Lynch’s key to making all this work is in the central relationship of Sailor and Lula, which is not as bizarre as it might seem, rather a powerful force, demonstrating all the virtues of the most romantic and loving of relationships – true friendship, equality, mutual respect and, just as importantly, great sex. The relationship between Sailor & Lula is certainly one of the most unconventional romances on film, but it is also one of the most touching and sincere. You just know that every single melodramatic line uttered by Lula in her southern drawl and every romantic Elvis Presley-like declaration of Sailor Ripley is deeply heartfelt for all its apparent silliness. It’s a sheer delight to watch such characters in a film so comfortable in its own absurdity, that revels in its weirdness and that has so many marvellous, original moments that can terrify and deeply unsettle one moment and make you roar with laughter the next.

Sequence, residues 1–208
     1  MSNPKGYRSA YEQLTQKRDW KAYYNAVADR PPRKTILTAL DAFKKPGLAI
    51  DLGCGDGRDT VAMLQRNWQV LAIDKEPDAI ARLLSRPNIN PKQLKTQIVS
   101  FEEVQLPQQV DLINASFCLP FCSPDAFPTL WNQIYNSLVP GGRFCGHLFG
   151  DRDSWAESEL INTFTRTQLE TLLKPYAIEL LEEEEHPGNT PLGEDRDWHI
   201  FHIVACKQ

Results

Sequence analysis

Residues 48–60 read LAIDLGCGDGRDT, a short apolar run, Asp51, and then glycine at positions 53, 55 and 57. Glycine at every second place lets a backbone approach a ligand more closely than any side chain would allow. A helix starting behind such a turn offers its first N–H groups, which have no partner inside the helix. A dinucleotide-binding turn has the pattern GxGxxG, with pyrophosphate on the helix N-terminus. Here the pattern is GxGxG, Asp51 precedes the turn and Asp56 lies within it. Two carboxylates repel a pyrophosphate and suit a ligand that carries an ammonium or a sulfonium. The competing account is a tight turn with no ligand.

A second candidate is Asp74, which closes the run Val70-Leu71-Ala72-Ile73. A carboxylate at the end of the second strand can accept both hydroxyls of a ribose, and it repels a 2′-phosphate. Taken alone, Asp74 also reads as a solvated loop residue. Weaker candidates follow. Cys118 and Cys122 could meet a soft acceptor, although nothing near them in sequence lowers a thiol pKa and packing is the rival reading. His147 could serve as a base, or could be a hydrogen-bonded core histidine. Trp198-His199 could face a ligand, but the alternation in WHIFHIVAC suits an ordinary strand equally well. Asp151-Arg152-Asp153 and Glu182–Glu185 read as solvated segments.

MGM’s Region 1 Special Edition of Wild At Heart is a real treat for David Lynch fans. Resisting the temptation to spread this across a 2-DVD set, the disc nevertheless boasts a superb transfer of the film and an extensive set of extra features. All the extra features, bar the image gallery, EPK and TV spots are anamorphically enhanced. The DVD comes in an amaray case held within a cardboard slipcase. A four-page booklet contains a chapter listing and a list of characters and their relationship to each other, which would certainly come in handy for anyone seeing the film for the first time.